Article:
The New Riddle of Roman Catholicism: Riddles, Mysteries, and Enigmas

Darryl Hart and John Muether are at it again. This time they’ve teamed up to produce a series of essays on contemporary Roman CatholicismThis series is especially useful since pressure has been building for a number of years to simply ignore the Reformation. As they point out, fifty years ago the old neo-evangelicals could be counted on to be stoutly Protestant. No longer. The arguments in and for Evangelicals and Catholics Together (especially I, II;  1994-97) were anemic but the very existence of the documents was symbolic of desire of contemporary evangelicals to set aside the old Reformation divisions in favor of cultural cooperation. That desire has been reinforced by the recent book by Mark Noll and Carolyn Nystrom (Is the Reformation Over? 2005).

As a matter of intellectual integrity, the neo-evangelical ecumenism just doesn’t hold up to scrutiny. The Catechism of the Catholic Church cannot be squared with the historic Protestant faith, not on those matters that were central to the Reformation.

Your Roman neighbors are your friends but they are also a mission field. If you’re going to speak intelligently with them about their faith and about yours, then you should read this series. Thanks to The Outlook for publishing it.

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  1. A little nuance would be appreciated. “Setting aside the old Reformation divisions in favor of cultural cooperation” need not entail setting aside the old theological divisions (though surely we can recognize that Rome has gotten a little better). As inadequate as the ECT documents are, the general goal of cooperation on the cultural front, especially intellectual “markets,” is well worth pursuing.

  2. Kevin,

    If you’ll follow up with the linked essay I do offer a more detailed analysis, but I stand by what I said. If we have to choose between culture and Christ (the gospel), we choose Christ.

    From a confessional Protestant view there’s no question that ECT cashed in the doctrine of justification in favor of cultural cooperation. The tragedy, as I’ve pointed out before, is that it wasn’t necessary. Had the evangelicals had a Protestant doctrine of “two kingdoms” they wouldn’t have needed to sign away justification in order–pun intended–to justify their culture war with Rome.

    That’s why it’s useful to have a doctrine of creation. We can cooperate with lots of folks on the basis of creation and natural law. We don’t have to give away the gospel in order to stand up for creation.

  3. As someone who has studied Roman Catholicism from the inside, I can certainly applaud this sentiment:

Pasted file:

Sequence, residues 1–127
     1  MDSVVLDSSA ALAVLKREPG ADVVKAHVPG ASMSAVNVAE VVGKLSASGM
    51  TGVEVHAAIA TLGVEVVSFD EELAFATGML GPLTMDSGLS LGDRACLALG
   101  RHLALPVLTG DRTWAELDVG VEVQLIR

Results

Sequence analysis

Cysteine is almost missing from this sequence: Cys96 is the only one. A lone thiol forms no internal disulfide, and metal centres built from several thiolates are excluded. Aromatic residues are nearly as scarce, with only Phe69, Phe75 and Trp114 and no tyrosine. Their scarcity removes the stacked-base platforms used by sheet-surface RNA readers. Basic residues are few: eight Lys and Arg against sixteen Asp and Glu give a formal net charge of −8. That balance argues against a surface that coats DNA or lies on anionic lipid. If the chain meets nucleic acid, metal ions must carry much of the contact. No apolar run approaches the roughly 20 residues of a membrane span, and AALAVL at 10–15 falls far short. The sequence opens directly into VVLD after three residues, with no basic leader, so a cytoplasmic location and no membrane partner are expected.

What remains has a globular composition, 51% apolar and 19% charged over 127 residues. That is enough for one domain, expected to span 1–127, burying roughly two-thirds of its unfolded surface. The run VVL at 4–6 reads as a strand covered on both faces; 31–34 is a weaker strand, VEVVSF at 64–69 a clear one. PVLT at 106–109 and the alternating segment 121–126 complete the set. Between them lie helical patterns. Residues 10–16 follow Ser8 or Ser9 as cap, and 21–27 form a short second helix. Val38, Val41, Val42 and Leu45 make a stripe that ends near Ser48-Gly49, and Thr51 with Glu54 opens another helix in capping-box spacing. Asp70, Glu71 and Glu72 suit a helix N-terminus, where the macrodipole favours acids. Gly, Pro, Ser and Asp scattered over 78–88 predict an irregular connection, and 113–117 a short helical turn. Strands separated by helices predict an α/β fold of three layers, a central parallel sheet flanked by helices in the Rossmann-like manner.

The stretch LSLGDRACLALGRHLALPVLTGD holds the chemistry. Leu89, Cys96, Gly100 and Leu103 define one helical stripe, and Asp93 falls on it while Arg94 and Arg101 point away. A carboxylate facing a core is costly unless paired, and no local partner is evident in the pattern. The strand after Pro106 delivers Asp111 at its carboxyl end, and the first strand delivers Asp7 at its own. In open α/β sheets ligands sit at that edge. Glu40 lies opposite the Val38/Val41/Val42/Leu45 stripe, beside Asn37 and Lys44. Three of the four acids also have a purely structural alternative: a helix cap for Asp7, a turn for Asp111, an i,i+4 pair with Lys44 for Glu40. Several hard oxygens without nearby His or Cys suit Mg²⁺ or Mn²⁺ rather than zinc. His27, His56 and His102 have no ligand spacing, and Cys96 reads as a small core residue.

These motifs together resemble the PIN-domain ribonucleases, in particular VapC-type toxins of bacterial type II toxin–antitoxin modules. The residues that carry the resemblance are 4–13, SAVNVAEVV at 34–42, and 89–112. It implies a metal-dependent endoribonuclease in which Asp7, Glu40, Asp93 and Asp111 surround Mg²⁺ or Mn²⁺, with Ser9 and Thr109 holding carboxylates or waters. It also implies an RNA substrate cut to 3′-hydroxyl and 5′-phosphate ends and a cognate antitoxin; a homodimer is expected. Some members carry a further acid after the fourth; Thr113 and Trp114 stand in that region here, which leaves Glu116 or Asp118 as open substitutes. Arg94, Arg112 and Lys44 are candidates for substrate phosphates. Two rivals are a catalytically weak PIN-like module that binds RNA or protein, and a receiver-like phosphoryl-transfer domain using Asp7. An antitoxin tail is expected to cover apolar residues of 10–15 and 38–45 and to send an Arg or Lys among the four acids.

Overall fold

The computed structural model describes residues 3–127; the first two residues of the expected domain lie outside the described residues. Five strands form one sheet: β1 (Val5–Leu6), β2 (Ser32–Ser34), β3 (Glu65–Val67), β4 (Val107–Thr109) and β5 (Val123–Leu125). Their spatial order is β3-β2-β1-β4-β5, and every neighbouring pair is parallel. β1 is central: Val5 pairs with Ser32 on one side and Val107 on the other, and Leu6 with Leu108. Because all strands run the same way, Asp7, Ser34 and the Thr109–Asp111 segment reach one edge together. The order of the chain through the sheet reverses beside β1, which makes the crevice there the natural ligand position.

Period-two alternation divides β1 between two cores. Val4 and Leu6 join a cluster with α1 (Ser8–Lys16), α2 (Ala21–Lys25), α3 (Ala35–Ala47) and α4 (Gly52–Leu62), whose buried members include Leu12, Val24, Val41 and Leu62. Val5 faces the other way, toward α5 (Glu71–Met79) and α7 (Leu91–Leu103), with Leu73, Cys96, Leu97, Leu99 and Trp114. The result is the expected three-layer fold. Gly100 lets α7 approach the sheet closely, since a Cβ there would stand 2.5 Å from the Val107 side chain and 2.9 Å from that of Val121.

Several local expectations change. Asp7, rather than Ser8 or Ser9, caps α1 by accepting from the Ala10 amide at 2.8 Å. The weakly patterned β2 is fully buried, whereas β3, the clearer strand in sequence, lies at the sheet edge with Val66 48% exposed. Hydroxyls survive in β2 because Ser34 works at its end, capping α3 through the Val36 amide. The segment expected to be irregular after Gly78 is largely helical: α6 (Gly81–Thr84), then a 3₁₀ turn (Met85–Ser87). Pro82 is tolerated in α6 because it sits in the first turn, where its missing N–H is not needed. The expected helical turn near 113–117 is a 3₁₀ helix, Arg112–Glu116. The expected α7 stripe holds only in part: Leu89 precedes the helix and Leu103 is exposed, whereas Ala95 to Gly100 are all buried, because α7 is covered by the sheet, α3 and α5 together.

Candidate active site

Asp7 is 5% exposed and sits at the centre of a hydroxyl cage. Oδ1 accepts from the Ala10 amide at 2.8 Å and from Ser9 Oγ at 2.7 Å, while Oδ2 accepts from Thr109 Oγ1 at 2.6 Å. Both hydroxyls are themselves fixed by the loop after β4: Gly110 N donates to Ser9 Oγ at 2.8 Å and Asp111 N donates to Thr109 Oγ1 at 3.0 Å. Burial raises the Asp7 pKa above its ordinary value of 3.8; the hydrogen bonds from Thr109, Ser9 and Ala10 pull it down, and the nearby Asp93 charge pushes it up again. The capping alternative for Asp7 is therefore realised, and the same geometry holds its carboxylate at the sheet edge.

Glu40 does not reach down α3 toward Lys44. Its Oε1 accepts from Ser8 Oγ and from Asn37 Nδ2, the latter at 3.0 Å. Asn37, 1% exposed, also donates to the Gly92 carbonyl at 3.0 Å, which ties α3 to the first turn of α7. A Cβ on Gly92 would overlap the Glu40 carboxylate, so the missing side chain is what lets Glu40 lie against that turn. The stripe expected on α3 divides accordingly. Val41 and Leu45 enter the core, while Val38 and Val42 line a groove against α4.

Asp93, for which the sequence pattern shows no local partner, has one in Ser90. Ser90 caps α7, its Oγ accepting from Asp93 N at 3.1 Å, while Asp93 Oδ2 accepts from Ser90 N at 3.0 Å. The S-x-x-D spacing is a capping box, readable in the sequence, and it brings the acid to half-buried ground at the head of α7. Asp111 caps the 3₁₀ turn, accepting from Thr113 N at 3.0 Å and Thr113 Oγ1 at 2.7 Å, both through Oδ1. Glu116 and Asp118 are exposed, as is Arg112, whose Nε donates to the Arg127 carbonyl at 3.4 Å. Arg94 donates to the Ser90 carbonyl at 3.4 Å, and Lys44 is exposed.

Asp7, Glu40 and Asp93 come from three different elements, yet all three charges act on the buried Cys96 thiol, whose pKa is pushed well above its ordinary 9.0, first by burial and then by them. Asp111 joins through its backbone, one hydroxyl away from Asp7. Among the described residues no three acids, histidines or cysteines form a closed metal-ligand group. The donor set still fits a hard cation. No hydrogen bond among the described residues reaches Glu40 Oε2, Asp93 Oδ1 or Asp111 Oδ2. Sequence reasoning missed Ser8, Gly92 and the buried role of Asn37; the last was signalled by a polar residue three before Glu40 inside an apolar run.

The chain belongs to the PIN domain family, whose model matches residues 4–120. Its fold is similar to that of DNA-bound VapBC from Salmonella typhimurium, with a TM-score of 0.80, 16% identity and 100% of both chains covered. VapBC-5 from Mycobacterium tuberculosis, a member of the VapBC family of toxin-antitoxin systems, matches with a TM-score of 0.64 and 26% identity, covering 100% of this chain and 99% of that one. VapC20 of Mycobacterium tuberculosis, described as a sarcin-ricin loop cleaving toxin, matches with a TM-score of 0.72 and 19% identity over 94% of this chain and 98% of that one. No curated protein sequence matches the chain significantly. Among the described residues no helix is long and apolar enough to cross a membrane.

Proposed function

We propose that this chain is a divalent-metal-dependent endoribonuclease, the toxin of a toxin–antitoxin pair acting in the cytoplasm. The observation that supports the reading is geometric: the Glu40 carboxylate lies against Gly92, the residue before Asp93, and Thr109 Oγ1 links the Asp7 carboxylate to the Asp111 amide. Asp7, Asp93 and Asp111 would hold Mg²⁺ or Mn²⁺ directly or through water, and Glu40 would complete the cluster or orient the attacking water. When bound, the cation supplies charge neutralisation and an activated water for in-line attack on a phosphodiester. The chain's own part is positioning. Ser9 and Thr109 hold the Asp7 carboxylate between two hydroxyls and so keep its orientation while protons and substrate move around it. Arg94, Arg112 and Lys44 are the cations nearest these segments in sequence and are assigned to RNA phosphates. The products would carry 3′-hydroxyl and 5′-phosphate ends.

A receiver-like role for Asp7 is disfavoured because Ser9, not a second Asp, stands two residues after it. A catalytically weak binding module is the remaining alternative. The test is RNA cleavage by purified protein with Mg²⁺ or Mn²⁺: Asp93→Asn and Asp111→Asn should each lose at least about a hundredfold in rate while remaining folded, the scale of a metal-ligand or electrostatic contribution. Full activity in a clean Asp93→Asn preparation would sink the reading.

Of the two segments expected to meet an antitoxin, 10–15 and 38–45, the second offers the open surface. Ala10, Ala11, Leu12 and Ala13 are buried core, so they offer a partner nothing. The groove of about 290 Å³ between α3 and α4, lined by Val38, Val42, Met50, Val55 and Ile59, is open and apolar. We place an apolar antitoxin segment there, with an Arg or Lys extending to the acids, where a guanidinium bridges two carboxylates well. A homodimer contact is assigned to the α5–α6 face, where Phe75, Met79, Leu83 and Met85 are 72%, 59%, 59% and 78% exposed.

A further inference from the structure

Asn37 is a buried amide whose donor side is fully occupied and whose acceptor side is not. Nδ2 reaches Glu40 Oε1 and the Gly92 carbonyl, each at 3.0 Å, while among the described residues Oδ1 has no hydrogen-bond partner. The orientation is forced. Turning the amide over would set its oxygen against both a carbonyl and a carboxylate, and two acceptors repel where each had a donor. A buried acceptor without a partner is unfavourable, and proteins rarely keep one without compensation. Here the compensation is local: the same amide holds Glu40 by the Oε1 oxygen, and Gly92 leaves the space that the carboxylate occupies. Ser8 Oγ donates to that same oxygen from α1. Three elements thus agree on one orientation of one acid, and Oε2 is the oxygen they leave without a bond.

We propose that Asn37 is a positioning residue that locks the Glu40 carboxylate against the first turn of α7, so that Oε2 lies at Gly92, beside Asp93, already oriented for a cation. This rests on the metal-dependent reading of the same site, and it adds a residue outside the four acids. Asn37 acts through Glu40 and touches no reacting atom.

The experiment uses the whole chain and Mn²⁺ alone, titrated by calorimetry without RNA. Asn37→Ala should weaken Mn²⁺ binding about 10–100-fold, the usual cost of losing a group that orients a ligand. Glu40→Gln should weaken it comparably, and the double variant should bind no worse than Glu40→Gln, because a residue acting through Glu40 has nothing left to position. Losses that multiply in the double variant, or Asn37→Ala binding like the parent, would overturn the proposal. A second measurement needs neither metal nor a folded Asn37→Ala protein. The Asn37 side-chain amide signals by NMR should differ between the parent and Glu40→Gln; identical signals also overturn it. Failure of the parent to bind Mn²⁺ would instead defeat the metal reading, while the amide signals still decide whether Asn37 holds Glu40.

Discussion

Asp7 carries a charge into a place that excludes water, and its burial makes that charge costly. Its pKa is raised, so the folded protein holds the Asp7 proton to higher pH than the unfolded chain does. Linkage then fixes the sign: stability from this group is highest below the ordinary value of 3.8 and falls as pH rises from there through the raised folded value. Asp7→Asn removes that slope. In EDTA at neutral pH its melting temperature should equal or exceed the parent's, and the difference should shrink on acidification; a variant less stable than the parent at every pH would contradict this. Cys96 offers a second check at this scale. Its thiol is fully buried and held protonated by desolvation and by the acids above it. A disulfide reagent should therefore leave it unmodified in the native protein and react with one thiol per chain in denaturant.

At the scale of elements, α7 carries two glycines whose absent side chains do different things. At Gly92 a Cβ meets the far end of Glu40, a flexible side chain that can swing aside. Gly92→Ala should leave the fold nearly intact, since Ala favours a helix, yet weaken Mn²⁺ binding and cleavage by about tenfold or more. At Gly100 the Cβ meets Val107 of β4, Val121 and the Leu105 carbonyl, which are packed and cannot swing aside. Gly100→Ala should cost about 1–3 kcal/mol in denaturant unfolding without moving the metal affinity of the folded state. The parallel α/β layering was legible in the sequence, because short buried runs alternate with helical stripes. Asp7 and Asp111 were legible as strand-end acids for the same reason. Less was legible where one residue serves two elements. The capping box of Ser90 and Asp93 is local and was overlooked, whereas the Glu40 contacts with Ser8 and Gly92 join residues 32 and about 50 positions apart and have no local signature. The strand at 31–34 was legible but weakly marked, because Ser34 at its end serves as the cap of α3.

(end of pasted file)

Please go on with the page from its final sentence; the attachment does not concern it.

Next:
“our aim is to show that no matter how different Roman Catholicism may look at the beginning of the twenty-first century, it has not changed the objections to Rome that informed and continue to shape what it means to protest, that is, to be a Protestant.”

  4. Quick question: Is the “Catechism of the Catholic Church” an official (“infallible) document? Can one study it and have full confidence in that book as representing Rome’s official views?

  5. Durrell,

    I don’t know that the Catechism of the Roman Church is regarded as infallible, but it is the authorized summary of the teaching office (magisterium) of the church. It was published and promulgated by the congregation for sacred doctrine. In other words, if one wants to know what the Roman church teaches, the Catechism is a reliable place to go. There are sources of doctrine and authority, of course, but the Catechism is the summary of most of them.

  6. Kevin said, “As inadequate as the ECT documents are, the general goal of cooperation on the cultural front, especially intellectual ‘markets,’ is well worth pursuing.”

    I am always curious when I hear assertions like yours. To your mind, what stake exactly do Christian religionists of any stripe have in cultural pursuit that justifies something like ECT? (Why is cultural engagement always cast as something of a fight? Participation comes in many shades.) What immediate interest does Christianity have in cultural “markets”?

    It’s almost as if the presumption seems to be that without formal efforts like ECT we have no ground to participate as individuals in the wider world. But, like RSC has pointed out, all your need is a Protestant doctrine of creation. It really is that simple. If Christianity really does have a stake in so-called cultural “markets,” don’t we have a lot of apology letters to write the Liberals?

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